The Return of Madonna Badger

After enduring unimaginable tragedy, she is back at work at Badger & Winters with a sharpened sense of resolve.

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Madonna Badger

Photo By John Aquino

Jim Winters and Madonna Badger

Photo By John Aquino

Madonna Badger, who has endured unimaginable tragedy, is back at work with a sharpened sense of resolve.

Her office at the Badger & Winters ad agency in Manhattan is decorated with pictures of and artwork by her three young daughters — nine-year old Lily and seven-year-old twins, Sarah and Grace — who perished in a Christmas morning blaze in 2011 that horrified the nation. Along with the children, Badger’s parents, Pauline and Lomer Johnson, also died in the blaze that consumed her Victorian-era home in Stamford, Conn.

The juxtaposition of her life-shattering loss and the busy, thriving ad agency — with key beauty accounts like Avon Products and Living Proof — that she runs with Jim Winters tells a story of deep resilience mixed with what solace can be found in work. “I really have to do it a day at a time,” Badger said during a recent interview, sitting in a bright, airy conference room. She had just been discussing beauty marketing, tossing off cogent and perceptive observations, completely at ease in her element. There was no hint of sadness in her voice, until the conversation touched on her immense loss. “When I’m in this, right now, I’m great,” she said of the office. “I know that I’m OK, we’re going in the right direction. I’m taking good care of myself, I’m reaching out.”

An old friend, Calvin Klein, praised Badger, who turned 49 on Thursday, as a rare individual who masters both the creative and commercial sides of business while possessing a unique personal chemistry. Regarding the tragedy, Klein said, “It’s life-changing, to say the least. But it shows the courage and the strength of this woman. She’s moving on with her life and accepting what she has to accept — still contributing — and is living.”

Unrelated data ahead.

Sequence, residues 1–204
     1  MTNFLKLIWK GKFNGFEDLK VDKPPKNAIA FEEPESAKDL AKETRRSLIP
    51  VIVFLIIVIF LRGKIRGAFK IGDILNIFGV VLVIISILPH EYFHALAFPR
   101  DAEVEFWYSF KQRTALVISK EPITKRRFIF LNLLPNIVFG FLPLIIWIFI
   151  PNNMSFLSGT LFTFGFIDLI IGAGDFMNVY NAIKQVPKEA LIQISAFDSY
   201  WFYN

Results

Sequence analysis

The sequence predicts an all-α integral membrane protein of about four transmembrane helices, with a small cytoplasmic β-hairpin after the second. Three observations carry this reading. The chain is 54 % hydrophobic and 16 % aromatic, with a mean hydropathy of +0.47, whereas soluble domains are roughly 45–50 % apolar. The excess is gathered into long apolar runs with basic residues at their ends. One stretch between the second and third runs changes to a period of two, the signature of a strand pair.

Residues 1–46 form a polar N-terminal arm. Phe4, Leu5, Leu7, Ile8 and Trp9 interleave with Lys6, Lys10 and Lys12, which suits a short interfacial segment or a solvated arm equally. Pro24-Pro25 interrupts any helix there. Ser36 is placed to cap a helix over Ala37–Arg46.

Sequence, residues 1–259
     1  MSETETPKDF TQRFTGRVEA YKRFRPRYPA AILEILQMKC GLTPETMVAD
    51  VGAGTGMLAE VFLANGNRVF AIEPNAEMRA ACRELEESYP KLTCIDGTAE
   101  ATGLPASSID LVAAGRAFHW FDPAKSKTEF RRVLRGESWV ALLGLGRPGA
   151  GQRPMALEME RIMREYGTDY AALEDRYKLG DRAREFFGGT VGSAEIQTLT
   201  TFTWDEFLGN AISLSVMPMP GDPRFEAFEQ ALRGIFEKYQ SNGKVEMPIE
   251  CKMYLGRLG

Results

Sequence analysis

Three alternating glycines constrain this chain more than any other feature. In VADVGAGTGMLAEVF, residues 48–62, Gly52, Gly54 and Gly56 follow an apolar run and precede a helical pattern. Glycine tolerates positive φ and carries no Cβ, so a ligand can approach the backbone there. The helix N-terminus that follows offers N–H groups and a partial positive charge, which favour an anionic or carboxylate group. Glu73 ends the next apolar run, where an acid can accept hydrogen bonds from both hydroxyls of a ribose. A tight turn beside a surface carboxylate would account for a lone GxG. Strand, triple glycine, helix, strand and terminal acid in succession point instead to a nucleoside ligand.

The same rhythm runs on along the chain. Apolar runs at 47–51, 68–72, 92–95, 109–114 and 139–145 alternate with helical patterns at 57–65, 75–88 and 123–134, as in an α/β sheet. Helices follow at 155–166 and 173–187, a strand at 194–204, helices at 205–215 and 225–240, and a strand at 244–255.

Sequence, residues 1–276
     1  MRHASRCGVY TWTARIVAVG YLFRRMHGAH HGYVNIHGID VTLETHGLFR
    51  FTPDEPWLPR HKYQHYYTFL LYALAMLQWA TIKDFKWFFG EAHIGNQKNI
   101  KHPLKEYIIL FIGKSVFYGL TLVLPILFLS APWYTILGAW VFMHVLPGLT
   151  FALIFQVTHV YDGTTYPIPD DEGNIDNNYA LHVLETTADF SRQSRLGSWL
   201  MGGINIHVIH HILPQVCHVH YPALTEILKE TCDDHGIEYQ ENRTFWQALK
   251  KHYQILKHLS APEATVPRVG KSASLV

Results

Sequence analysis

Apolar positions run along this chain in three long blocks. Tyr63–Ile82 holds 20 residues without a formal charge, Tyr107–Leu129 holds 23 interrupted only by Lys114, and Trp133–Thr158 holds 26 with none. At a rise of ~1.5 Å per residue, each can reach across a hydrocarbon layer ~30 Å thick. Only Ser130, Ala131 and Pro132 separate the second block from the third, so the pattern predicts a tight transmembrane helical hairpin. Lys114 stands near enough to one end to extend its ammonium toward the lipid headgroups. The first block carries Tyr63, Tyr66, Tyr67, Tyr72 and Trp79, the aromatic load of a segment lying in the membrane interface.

But her return is still a daily climb. “Every day I get more and more acceptance of what’s really happened and what’s really happening,” she observed. “Every day is accepting. I used to wake up every morning and not remember that [the family members] were gone and I’d have to re-remember every day.”

When asked how she can push aside memories of that night in order to summon the concentration needed to do her job, or just function, she talked about coping with “the black feelings. When I try to run away from them, it doesn’t work,” she observed. “But when I invite them and talk to my girls and they talk back to me, I firmly believe they are in a beautiful, wonderful, loving place. I don’t have bitterness.”

Her yearlong recovery effort, largely spent at Psychiatric Research Institute at the University of Arkansas in Little Rock, was aided by Badger’s strong bond with her lost daughters. On Aug. 29, Lily’s birthday, Badger got dressed for the occasion. “I put on a really pretty outfit for her and I did my hair and makeup. I sang to her all day and I just wanted to look pretty for her.